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Ibid

8 “In Surveyor, the donkey was a nice surprise when accidentally walking into the frame one day and becoming part of the scene. It belongs to Bedouins from the Jahalin tribe who live in that area of the Judean Desert. The idea of the Messiah’s Donkey naturally comes to mind too. The donkey served my purpose well also because in the Surveyor, I wanted a pastoral feel to the image, a little like David Roberts (1796 – 1864) paintings of the Holy Land.”—Yuval Yairi, email, October 20, 2016 9

Email with the artist, October 16, 2016

10 Email with the artist, October 12, 2016 11 Ibid 12 Yairi’s personal and artistic response to his father’s death several years later can be seen in his photographic series, The Savoy (2010). “We are viewing broken memories as photographic shards,” writes Alan Griffiths in Luminous Lint with the assistance of Yuval Yairi in January 2010. https://yuvalyairi.com/the-savoy/

—Heather Lustfeldt, Curator 10

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“Codes�

Archival pigment prints / 16" x 25.6" each / Courtesy of the Artist

Un Tilted, 2015

Self Portrait 5649, 2016

Curious sculptures and still-life montages made from everyday materials such as wire, protractors, aerial maps, clamps, wire brushes, an egg, and other surveyor tools are suggestive of strange surveillance or communication devices. These dark montages are characterized by an intense chiaroscuro of deep, black backgrounds with central arrangements or objects illuminated upon dusty surfaces. This lends an otherworldly feeling in certain works, while others seem of a different time.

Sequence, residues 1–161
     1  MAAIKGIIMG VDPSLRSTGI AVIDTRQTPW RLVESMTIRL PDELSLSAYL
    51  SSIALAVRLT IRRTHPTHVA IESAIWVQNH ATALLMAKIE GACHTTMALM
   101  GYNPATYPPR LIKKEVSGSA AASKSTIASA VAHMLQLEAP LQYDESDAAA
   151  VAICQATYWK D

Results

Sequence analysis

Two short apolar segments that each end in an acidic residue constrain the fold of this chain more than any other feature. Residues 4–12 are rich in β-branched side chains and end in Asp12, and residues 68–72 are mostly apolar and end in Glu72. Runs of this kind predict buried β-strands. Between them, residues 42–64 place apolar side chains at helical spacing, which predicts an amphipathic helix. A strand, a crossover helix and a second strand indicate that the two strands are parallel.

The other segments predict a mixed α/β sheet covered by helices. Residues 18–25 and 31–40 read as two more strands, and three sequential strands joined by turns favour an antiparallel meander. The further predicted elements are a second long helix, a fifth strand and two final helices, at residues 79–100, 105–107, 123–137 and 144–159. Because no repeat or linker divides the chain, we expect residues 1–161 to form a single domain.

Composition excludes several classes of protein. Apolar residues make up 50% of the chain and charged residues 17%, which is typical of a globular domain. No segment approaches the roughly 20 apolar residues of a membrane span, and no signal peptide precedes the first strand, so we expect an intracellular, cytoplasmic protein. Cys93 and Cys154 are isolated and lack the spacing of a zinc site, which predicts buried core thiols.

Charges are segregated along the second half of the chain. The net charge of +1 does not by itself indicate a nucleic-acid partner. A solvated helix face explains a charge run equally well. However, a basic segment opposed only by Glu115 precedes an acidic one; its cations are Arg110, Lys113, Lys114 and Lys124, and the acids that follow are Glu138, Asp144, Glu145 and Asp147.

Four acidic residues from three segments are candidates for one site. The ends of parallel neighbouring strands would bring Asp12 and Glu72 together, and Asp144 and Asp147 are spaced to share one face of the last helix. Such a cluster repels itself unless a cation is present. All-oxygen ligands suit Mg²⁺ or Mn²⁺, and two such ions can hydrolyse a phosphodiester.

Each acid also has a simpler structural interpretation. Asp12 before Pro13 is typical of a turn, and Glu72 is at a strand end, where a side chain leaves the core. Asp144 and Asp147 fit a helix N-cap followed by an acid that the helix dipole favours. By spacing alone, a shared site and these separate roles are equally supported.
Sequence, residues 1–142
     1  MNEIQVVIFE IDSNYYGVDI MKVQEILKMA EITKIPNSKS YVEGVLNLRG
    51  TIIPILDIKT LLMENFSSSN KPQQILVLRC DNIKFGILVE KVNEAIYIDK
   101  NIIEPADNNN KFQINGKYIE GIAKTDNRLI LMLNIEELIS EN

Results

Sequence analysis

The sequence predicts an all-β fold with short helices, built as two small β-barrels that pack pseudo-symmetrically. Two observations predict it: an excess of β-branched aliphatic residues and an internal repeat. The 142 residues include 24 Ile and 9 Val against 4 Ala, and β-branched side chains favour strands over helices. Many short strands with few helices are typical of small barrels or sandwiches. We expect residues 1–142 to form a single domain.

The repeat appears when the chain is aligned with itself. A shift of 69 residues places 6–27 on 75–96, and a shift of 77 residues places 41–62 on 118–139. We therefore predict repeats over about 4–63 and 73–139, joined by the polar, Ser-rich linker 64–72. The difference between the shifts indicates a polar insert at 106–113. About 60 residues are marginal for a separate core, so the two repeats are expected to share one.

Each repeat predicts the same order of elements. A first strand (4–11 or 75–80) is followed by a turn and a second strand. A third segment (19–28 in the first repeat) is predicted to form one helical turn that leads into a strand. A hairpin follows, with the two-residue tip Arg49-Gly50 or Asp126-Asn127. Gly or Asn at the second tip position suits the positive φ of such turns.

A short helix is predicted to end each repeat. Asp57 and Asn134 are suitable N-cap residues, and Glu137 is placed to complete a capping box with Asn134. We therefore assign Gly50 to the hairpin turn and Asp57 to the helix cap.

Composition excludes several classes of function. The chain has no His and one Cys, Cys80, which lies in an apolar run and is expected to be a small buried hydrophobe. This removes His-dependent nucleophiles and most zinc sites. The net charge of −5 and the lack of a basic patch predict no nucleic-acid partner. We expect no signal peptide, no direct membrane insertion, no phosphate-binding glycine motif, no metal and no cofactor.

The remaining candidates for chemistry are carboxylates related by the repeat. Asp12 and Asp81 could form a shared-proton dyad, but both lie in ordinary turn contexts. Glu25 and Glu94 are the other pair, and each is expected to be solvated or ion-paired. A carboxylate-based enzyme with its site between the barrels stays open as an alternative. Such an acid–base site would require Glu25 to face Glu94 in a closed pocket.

(Tracker), 2016

Basalt #1102, 2016

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Encoded Transmission, 2016

Observer, 2016

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“Land,” 2013

Archival pigment prints / 23.6" x 35.4" each / Courtesy of the Artist

Estate (Winter), 2013

Equestrian, 2013

Landmark, 2013

These works provide expansive views into Yairi’s world and creative practice, demonstrating his perspective on notions of place and time in geographical and metaphorical ways.

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5500 W. 123RD STREET, OVERLAND PARK, KS 66209

Yuval Yairi: Surveyor NOVEMBER 13, 2016 – JANUARY 22, 2017

No-Fly Zone, "Codes," 2015 (detail) Archival pigment print 16" x 25.6" Courtesy of the Artist

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he mission of The Epsten Gallery is to provide innovative programming and art exhibitions that engage, inspire and enlighten a diverse community through all stages of life, celebrating our common humanity through art. PRESIDENT

VICE PRESIDENTS

William Kort

Ginny Epsten Ritchie Kaye

TREASURER

SECRETARY

Hanan Hammer

Eileen Kershenbaum

DONATE | CONTRIBUTE | JOIN The Epsten Gallery is a not-for-profit 501 (c)3. Donations may be made on our website, or sent to: 5500 West 123rd Street, Overland Park, KS 66209

Epsten Gallery membership, volunteering and sponsorship opportunities are always available. Please join us as we connect communities and generations through the arts!

DIRECTORS Greg Azorsky Peter Beren Betty Bikson Donna Gould-Cohen Alan S. Edelman Deborah Glassberg Joan Horan

ACKNOWLEDGEMENTS

HONORARY

The exhibition, Yuval Yairi: Surveyor, and Mr. Yairi’s Visiting Artist Residency, was supported, in part, through grants, partnerships, and in-kind support provided by the following agencies and individuals: The H&R Block Foundation, The Jewish Federation, The Jewish Community Center of Greater Kansas City, Deborah Glassberg, and Epsten Gallery Friends and Patrons. Special thanks to Yuval Yairi, The Print House, Tel Aviv, Israel; Bruce Bettinger, Dolphin Frames, Kansas City, MO; and the Kansas City Art Institute.

Herb Adler* Bob & Jacqueline* Epsten Eileen Garry Executive Director, Emerita Lynn Intrater (Past President)

FRONT COVER:

Yuval Yairi, Topographic Study, 2015 Archival pigment print 55" x 47.2" / Courtesy of the Artist

WWW.EPSTENGALLERY.ORG

Kim Klein Michael Klein Mike Lyon James Martin Hugh Merrill Leslie Keith Rosenfeld Steve Rothstein

Sybil & Norman* Kahn Saul Kass* (Past President) Michael Klein (Past President) Regina Kort (Past President)

STAFF Heather Lustfeldt, Curator

Anne Russ, Administrative Assistant

* (Of Blessed Memory)

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Yuval yairi exhibition layout #2